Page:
Camden’s council tenants face rent hike next year as Town Hall attempts to balance the books

Camden Town Hall

Rents for residents in Camden’s council homes could go up by 4.1 per cent in 2022 – meaning families in a two-bedroom flat face paying an extra £250 a year.

The proposed increase would generate £4.95m of income for the Town Hall.

The move follows new government guidance allowing councils to put rents up by the comsumer price index plus one per cent . It comes after four years of them being told to cut rents.

Most tenants who get housing benefit and universal credit would get an uplift to cover the rent increase.

The council’s finances were hit hard by the pandemic. The Housing Revenue Account (HRA) saw a drop as some tenants, leaseholders and commercial tenants “faced significant financial struggles”.

The rent hike would see a weekly increase of £5.42 for people in a three-bedroom home, and £6.66 for those in homes with five bedrooms or more.

The proposals will be considered by politicians at January’s housing scrutiny meeting and are being discussed by district management committees.

A report is coming before Camden politicians this week.

By law, the council has to have a balanced HRA, so it cannot spend more than it receives.

Between 2016 and 2020, the government told councils to cut rent by one per cent a year. A report by head of finance Daniel Omisore said this meant a loss of an estimated £69m, and the council brought in savings to help balance the books.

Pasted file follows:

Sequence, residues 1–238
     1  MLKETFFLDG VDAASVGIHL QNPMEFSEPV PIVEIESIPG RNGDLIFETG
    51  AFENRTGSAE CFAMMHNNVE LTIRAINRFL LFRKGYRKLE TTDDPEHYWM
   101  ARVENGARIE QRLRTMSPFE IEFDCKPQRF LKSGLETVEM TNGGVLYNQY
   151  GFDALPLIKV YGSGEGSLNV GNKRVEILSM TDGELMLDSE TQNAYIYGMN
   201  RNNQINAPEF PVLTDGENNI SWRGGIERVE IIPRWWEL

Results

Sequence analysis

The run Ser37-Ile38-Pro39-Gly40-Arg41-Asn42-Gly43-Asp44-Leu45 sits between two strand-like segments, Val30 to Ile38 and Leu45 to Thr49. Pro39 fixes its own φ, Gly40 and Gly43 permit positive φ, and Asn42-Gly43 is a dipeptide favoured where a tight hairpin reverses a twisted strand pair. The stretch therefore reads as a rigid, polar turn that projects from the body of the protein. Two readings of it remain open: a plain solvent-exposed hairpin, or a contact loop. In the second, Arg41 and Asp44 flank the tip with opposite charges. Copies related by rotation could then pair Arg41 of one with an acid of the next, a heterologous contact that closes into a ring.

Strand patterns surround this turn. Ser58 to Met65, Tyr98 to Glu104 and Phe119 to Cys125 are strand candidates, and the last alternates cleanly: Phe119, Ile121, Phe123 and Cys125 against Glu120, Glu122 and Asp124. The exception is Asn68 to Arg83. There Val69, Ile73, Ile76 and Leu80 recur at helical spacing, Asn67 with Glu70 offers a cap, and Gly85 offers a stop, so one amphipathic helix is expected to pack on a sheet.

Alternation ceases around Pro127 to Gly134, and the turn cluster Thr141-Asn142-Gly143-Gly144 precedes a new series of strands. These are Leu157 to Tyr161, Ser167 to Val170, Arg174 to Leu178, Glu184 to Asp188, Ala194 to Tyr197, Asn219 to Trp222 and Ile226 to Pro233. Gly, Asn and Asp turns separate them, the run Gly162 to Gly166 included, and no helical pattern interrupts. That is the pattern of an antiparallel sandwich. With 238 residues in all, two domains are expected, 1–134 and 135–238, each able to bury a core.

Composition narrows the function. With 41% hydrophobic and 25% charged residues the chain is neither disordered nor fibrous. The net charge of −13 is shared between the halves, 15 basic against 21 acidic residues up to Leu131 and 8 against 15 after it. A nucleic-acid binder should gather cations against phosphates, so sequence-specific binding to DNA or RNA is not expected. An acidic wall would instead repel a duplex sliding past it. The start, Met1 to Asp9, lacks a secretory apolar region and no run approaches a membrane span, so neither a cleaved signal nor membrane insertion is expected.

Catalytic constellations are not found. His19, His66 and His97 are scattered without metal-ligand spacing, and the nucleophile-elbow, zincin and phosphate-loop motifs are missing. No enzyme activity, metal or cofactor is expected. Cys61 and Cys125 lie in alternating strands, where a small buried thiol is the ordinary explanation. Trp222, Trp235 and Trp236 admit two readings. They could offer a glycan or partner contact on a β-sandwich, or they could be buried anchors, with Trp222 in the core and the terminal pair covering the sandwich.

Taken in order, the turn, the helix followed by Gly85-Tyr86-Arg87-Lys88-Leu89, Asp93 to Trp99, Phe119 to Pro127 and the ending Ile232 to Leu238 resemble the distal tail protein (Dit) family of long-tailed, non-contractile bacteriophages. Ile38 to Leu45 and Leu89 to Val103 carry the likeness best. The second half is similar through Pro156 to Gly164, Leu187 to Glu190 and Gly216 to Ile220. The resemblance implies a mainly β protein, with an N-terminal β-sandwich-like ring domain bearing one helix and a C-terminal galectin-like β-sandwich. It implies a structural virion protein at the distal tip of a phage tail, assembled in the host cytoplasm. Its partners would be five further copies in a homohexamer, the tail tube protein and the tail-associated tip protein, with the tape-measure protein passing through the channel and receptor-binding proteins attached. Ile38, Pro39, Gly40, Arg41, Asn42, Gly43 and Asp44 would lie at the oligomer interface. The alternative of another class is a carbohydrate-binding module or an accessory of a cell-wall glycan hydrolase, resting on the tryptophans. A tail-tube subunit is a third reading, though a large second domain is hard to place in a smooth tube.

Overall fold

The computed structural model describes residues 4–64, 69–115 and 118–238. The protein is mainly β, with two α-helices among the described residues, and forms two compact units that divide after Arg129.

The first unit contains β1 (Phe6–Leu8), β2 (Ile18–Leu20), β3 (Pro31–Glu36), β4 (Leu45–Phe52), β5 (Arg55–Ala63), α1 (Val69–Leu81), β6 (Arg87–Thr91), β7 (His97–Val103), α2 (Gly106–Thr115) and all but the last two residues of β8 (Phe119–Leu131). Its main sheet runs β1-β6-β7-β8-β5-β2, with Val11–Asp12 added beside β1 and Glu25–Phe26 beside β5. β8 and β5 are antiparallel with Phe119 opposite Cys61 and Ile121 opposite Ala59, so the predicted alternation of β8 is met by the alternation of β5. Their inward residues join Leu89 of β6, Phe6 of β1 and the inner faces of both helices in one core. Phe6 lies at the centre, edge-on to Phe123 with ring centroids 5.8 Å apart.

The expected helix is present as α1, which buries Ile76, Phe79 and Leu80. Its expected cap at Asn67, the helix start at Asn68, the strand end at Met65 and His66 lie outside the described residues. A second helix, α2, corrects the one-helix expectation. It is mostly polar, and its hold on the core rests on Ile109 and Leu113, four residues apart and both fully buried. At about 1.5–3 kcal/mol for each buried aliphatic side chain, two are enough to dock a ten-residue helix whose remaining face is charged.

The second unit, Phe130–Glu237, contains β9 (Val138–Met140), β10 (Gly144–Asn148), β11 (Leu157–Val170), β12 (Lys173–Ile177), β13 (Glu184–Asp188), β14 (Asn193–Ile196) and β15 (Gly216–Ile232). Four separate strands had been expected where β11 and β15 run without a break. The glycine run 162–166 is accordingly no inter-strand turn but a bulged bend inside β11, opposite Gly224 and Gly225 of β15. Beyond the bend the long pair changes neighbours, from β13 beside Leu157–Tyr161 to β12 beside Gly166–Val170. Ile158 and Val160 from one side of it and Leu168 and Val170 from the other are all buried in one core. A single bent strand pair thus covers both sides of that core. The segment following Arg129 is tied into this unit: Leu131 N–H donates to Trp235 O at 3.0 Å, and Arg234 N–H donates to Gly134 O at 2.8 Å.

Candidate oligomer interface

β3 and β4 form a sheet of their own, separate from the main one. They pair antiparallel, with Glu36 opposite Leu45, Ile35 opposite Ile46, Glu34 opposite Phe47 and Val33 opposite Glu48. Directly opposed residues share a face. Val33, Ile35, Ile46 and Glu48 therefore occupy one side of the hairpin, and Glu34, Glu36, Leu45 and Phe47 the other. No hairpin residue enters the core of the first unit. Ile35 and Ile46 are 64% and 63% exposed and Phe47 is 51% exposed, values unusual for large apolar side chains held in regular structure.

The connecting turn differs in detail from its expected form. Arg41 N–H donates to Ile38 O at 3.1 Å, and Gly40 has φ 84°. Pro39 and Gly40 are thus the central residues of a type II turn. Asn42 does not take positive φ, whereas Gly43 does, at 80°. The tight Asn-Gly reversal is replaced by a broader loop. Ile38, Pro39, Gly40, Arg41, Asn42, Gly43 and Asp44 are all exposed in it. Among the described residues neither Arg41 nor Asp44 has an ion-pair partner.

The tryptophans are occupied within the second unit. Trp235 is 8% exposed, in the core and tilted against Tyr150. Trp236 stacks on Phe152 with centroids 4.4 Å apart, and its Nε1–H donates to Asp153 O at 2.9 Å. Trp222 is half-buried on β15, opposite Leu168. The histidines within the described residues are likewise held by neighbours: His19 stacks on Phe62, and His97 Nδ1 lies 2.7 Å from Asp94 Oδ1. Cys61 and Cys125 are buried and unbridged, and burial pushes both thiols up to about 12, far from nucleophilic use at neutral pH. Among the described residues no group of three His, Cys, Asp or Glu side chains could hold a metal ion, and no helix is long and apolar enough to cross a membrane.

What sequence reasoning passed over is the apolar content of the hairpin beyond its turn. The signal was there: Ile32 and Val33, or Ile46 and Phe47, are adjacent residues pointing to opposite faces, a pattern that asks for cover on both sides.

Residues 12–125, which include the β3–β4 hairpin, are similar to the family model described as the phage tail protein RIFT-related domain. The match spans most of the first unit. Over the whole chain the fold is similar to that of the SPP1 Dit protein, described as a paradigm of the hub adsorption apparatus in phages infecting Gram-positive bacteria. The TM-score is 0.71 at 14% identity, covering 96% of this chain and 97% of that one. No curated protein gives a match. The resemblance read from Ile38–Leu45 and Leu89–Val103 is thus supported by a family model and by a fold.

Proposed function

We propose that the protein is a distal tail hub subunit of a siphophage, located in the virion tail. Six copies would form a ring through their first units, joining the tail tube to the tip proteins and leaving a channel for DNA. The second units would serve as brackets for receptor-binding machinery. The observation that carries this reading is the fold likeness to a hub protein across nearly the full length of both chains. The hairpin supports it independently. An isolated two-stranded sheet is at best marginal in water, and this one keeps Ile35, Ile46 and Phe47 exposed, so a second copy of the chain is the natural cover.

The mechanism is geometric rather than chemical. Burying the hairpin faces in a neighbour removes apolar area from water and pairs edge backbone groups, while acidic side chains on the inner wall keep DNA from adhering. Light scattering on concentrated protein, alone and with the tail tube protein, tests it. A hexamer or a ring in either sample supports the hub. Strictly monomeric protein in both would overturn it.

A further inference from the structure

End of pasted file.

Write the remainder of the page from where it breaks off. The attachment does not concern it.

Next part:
The council said this meant the current average rent is only 80p more than the average rent paid six years ago.

It has seen its reserves drop by nearly half from £39.2m in 2015/16 to £20.4m in 2020/21. It is predicted to drop to £14m this year, with further reductions the following year. The council hopes to start building up the HRA reserves in 2023/24.

“The reserve is currently at a very low level for the size of our HRA and our projected requirements,” said Omisore.

Since April last year, councils have been allowed to increase rents by the cosumer price index plus an additional one per cent, meaning it can push them up by a maximum of 4.1 per cent.

“It is a very difficult economic environment for the HRA to operate in –
inflation and energy prices are rising fast at the same time as changes in building and fire safety legislation,” said Omisore.

In a report prepared for the housing scrutiny committee next Wednesday, he  warned that the HRA faces an “extremely challenging” few years, with limited options for raising income and the need to make savings.

Building material costs are also up by five per cent this year, ahead of a predicted three per cent rise in 2022.

The Building Safety Bill that is likely to come into force next year after the tragedy at Grenfell Tower means landlords may face extra responsibilities and costs to ensure the safety of high rise towers.

The increase in gas and electric costs will also have a “significant impact”, Omisore explained.

He added that  proposed rent increases “are difficult for tenants in the current economic climate, and the risk of non-payment can be seen in increased rental arrears over the last year, driven by a large increase in Universal Credit claimants”.

The council is only allowed to pass on charges to its leaseholders for what it spends delivering services such as communal cleaning or lighting blocks of flats.

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